Conflict & Justice

Al Qaeda magazine found in Guantanamo cell


A computer screen shot taken on July 12, 2010, shows the cover of the newly-released first edition of the Yemen-based Al Qaeda in the Arabian Peninsula's "Inspire" magazine, an on-line publication with articles including "Make a Bomb in the Kitchen of Your Mom."



A copy of the Al Qaeda magazine Inspire has been discovered in Guantanamo prison after being after being smuggled through to a detainee, according to reports.

Agence France-Presse reported that the find came amid a debate on new rules on mail inspections.

The Associated Press reported that the terror group's Yemeni offshoot, Al Qaeda of the Arabian Peninsula, launched the English-language magazine in 2010, and that an early issue contained tips to would-be militants about how to kill US citizens.

According to AFP, deputy military prosecutor Andrea Lockhart told a military tribunal hearing that the version found included such articles as how to make bombs.

She did not specify how the magazine, which is published by the Al-Qaeda in the Arabian Peninsula, was smuggled into the remote US base in southern Cuba nor whether it was discovered during a search of the cells.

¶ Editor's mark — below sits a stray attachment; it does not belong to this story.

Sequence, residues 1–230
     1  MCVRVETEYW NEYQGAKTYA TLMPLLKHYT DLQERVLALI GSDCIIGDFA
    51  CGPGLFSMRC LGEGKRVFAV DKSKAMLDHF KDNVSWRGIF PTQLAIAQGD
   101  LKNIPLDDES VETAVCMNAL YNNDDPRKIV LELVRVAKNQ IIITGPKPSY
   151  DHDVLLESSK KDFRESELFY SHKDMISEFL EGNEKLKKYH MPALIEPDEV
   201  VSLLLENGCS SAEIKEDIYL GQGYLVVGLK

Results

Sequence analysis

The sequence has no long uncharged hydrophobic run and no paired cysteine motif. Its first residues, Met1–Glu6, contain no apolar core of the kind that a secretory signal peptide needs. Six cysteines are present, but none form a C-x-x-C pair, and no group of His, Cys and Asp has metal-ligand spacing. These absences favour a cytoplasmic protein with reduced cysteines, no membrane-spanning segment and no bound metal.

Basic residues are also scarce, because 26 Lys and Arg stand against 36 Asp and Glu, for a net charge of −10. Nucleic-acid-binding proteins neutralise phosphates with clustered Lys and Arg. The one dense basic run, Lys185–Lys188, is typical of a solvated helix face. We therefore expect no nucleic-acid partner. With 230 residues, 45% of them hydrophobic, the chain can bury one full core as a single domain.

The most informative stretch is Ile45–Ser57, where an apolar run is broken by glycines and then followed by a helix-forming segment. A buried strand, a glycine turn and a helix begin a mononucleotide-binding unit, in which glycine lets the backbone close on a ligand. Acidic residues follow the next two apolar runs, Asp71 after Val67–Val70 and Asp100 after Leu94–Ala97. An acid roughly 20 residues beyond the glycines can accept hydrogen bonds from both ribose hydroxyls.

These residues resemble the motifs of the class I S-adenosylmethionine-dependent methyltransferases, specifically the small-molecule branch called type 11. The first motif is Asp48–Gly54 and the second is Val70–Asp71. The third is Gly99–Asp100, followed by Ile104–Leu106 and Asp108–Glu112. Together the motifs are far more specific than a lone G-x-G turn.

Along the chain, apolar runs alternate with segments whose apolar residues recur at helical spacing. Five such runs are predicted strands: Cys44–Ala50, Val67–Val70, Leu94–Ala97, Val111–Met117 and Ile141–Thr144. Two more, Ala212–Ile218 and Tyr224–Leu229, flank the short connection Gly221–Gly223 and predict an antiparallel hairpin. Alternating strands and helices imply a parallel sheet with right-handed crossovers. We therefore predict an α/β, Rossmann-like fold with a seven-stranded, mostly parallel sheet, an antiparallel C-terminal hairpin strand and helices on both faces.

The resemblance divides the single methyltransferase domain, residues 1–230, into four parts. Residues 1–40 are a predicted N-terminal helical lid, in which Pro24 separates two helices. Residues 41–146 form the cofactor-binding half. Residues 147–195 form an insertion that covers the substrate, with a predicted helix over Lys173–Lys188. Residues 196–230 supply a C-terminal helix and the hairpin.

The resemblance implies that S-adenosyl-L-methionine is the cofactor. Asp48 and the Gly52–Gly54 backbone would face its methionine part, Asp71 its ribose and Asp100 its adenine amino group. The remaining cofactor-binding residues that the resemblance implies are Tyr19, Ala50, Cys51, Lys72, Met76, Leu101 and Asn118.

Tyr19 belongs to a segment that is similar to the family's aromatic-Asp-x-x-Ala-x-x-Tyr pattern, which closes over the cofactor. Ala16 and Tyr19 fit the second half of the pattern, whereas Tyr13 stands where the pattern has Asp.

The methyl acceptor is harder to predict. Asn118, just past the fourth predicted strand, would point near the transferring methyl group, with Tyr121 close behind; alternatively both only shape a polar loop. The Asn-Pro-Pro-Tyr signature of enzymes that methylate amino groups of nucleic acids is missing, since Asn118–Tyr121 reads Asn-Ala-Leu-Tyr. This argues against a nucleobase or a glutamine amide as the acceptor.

But Lockhart said new rules on inspecting the mail between lawyers and detainees were brought in on December 27 after its discovery.

Lawyers for Guantanamo inmates claim the new mail rules are a violation of their clients' rights.

The detention center, which turned 10 this month, houses 171 "enemy combatants" detained in the US "war on terror" launched after the 9/11 attacks. 

Some of them have been held at Guantanamo since the jail was opened.

The discussion of the mail rules came about during a preliminary hearing into the trial of Abd al-Rahim al-Nashiri, a Saudi national charged with leading the attack on the USS Cole in the Yemeni port of Aden in 2000 that killed 17 sailors.

According to the AP: 

Al-Nashiri, 47, is considered one of the most senior Al Qaeda leaders. He has been held at the US Naval Base at Guantanamo Bay, Cuba, since 2006 after spending several years held by the CIA in a series of secret prisons.